A life-long music fan writes.
This is an interesting book to have come across the review desk, in the wake of some quite weighty submissions of late. In complete contrast to some of the heavily journalistic and/or deeply academic books that seem to be becoming the norm in music writing, what we have here is an unashamed fan letter to music.
Alec Wightman is a corporate lawyer and, by all accounts, a successful one. He is also a life-long music fan who has given his spare time over to promoting increasingly successful concerts, usually focusing on singer-songwriters, that genre being his particular passion. His enthusiasm for live music leads to him becoming first a board member and then chair of the board for the Rock & Roll Hall of Fame and that, in turn, has brought him into more contact with musicians and the music business and that’s really what this very enjoyable book is all about – a fan writing down his experiences of being around music and what that has meant to him. Something, I’m sure, that will resonate with other fans around the world.
Like so many creative projects of the last couple of years, Alec Wightman’s book came about largely because of Covid. It seems that, over the years, friends and family had suggested he write a book around his experiences with the music that inspired him, and he started to write back around 2016 when health issues for himself and his wife meant he had time available; but progress was slow until the arrival of the pandemic, which seems to have had quite an effect on focusing people’s attention on creativity.
Wightman hasn’t written a book before and, in some ways, that shows; but that’s a good thing. There’s a refreshing honesty and natural humility about this book. What you have here is a first-hand account of, as he puts it, “sixty years of rock and roll fandom, including twenty-six as a promoter and sixteen as a member of the Rock & Roll Hall of Fame board.” That makes for a very enjoyable and informative read. The story starts with his revelationary moment, that time when, just coming up to his eleventh birthday, he hears Dion’s ‘The Wanderer’ on his transistor radio and is hooked for life. We go through his teenage years and his increasing appreciation of the well-written song, first and foremost – the craft of the songwriter and the troubadour’s ability to capture a story in song. We get his college years and the impact of the Kent State killings and opposition to the Vietnam War. Cleverly, Wightman avoids writing extensively about his legal career, a trap that many new writers in his position might fall into. Though this is, essentially, a form of autobiography, he clearly has a strong idea of his audience for this book and, rightly I’m sure, surmises that they’re not going to be interested in the day-to-day work of a corporate lawyer in Ohio. He keeps the book very much about his fascination with the music and his growing involvement with the music business; references to his day job are cursory nods.
The chapter that I found particularly enjoyable was about a third of the way into the book when he talks about the start of his own concert promotions business, Zeppelin Productions (absolutely nothing to do with Led Zeppelin, and that in itself, is a fun story too). You can feel the enthusiasm coming off the page and I would guess it was a chapter he particularly enjoyed writing. It’s fun, entertaining, and contains more than its fair share of valuable information for anyone thinking of going into the concert promotions business.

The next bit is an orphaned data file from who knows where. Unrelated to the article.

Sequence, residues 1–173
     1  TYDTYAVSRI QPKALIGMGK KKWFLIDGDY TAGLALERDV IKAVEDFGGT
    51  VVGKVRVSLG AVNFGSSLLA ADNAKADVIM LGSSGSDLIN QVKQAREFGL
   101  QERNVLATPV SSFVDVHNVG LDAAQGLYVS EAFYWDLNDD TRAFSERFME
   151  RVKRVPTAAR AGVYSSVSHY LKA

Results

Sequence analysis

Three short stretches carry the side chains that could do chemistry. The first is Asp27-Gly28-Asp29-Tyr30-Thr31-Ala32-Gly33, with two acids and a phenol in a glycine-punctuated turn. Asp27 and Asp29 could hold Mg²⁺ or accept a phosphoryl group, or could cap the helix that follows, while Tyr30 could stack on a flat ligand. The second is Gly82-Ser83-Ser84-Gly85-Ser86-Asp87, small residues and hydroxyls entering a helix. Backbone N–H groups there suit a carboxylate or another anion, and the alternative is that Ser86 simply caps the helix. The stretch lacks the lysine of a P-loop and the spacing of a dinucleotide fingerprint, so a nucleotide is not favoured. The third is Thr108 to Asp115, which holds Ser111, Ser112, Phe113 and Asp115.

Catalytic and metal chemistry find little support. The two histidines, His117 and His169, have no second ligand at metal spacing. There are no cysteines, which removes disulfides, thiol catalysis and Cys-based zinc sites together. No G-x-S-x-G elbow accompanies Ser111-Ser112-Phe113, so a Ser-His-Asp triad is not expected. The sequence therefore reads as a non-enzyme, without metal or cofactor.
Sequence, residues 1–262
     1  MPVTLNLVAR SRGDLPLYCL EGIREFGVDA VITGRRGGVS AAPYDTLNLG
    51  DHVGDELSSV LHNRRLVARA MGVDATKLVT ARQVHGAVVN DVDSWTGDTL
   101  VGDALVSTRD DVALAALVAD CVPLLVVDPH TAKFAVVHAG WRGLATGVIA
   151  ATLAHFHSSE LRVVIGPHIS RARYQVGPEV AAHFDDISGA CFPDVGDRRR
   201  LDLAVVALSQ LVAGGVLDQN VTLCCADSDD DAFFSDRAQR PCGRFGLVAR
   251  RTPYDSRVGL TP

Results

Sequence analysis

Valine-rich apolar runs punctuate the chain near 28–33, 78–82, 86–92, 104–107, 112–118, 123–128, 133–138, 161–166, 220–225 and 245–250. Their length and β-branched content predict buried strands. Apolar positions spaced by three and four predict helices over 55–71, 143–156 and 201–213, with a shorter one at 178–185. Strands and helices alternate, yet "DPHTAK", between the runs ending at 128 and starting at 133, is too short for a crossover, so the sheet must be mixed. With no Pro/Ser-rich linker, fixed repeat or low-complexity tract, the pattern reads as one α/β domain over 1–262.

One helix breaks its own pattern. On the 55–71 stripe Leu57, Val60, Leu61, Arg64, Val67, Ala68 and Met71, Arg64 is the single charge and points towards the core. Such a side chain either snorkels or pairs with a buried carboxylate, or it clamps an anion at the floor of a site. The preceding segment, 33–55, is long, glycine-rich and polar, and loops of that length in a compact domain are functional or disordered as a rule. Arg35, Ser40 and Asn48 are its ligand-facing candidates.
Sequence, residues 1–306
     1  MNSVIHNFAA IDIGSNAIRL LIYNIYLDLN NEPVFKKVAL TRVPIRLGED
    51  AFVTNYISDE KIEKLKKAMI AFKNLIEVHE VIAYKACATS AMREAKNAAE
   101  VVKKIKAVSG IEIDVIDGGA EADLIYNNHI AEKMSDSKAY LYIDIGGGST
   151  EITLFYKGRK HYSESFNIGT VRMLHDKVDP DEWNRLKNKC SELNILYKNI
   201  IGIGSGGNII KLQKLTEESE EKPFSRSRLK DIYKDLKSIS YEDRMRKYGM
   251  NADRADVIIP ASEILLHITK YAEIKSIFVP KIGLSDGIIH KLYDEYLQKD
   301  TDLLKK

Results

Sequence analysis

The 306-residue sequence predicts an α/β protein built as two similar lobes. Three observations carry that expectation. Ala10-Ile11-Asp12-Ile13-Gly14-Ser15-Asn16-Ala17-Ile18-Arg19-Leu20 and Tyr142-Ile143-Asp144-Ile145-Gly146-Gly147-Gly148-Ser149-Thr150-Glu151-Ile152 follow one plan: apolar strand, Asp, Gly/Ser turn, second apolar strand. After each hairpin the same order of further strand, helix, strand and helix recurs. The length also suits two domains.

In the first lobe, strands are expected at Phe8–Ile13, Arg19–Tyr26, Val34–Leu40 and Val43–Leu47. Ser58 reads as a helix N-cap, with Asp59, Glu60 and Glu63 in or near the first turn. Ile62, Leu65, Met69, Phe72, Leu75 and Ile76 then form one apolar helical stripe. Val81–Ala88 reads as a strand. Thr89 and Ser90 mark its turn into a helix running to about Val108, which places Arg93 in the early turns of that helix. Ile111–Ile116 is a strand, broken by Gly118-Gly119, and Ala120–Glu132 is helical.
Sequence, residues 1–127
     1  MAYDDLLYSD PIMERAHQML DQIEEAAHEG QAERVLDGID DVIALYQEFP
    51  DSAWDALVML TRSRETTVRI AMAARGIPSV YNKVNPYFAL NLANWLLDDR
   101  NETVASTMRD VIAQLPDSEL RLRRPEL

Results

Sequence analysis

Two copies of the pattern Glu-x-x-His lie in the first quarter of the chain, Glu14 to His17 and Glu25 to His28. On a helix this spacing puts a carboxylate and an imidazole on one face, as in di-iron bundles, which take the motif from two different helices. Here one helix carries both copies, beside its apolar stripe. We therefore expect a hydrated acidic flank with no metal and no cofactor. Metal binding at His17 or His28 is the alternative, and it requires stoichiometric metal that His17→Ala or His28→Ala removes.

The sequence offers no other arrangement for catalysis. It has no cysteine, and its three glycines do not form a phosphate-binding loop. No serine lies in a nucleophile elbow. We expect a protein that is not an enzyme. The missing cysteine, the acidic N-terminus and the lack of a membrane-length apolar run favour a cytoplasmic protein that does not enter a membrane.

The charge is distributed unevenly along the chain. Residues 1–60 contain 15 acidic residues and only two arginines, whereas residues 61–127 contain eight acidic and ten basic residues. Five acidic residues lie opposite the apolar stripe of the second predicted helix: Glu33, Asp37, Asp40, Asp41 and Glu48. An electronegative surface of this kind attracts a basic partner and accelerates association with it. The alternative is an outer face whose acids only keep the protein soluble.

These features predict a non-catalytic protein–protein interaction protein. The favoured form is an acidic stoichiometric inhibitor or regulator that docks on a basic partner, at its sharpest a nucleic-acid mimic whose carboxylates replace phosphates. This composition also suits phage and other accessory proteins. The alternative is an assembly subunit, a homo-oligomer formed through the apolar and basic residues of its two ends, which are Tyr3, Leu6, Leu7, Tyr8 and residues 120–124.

The great thing about this book is that it could’ve been written by anyone growing up in the sixties and seventies. Yes, they’d have to have become relatively successful in their job and have built up an extensive set of connections in and around the music business but, the point is, that this is a book that anyone who spent their youth, and beyond, obsessed with music could write and, as such, it will appeal to a sizeable audience. It’s not just the Boomer generation that will find this fascinating, though the early part of the book will have more resonance for them, anyone who has felt that siren call of rock and roll and who knows what it feels like to listen to the radio, under the covers late at night, or to obsess over the charts at the end of the week, will relate to this book. It is, at its heart, a love letter to the art of producing songs and that’s something that anyone reading this review will be able to identify with, otherwise, they wouldn’t be here.
As the book progresses it becomes more and more about the concerts he promoted and the work of the Rock ‘n’ Roll Hall of Fame and this is also interesting and entertaining; he makes good use of his many anecdotes of encounters with musicians and those around the music business. The book is full of little stories about many names that will resonate with Americana fans – Chuck Prophet and Tom Russell, both now close friends of the author, Gretchen Peters, Jimmie Dale Gilmour and the other Flatlanders Butch Hancock and Joe Ely, Guy Clark, Rodney Crowell, Katy Moffatt, Bruce Springsteen, Neil Young, and Art Garfunkel; the list goes on and on and the stories are all entertaining and often offer an interesting insight into the business of small scale touring in America.
I knew I was going to enjoy this book when I read the prologue. Talking about introducing Art Garfunkel for a show he promoted back in 2013 he writes, “Looking out over hundreds of enraptured faces, I realise I have brought enormous joy to all these people. That’s not a sensation most corporate lawyers ever experience.” Wightman writes with enthusiasm, a wry wit, and an eye for a story, all of which makes this a book to seek out.
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